When my son A.J. was 2 1/2, he became obsessed with his Superman Halloween costume. He wanted to wear it everywhere -- dinner, bed, play dates, and grocery shopping. But marching down the frozen-foods aisle with a kid in a cape was where I drew the line.
"Why not let him?" said my husband, Tony. "It's not hurting anyone."
"I can't let him out in public dressed as Superman," I said. "It's ridiculous. I'll look like one of those moms who just gave up all control."
So for a while, I fought with A.J. He kicked and screamed as I peeled the Man of Steel suit off and wrestled him into his sweatpants and T-shirts. This was, of course, in addition to all our other battles -- getting buckled into the car seat, eating vegetables before ice cream, holding my hand every time we crossed the street.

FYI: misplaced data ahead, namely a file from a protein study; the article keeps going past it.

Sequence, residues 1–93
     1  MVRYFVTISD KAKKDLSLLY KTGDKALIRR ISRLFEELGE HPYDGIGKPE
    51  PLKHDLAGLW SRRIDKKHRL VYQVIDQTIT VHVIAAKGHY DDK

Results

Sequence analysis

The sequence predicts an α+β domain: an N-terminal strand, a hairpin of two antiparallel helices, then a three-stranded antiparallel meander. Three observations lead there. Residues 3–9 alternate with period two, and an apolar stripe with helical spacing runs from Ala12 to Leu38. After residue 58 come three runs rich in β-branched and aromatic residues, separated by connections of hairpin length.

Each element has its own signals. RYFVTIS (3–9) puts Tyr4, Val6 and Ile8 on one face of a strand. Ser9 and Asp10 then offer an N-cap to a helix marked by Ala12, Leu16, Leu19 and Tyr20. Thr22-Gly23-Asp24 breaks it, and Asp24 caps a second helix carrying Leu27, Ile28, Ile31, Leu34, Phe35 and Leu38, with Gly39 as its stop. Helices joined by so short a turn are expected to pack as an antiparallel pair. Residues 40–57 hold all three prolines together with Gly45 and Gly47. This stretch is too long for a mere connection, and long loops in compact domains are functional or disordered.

One day I realized how tiresome all this fighting was. I gave up. "Leave the Superman suit on," I said. "It's really not a big deal." And suddenly it wasn't. A.J. was ecstatic, and the first time he went out wearing it, I noticed a toddler girl decked out in a pink tutu walking down the other side of the street, her mother looking weary but resigned. And guess what? Within about two weeks, A.J. had forgotten about being Superman and lost interest in the costume. His regular clothes, he decided, were just dandy. It dawned on me that I had learned something important: When you're raising a toddler, you have to learn to pick your battles.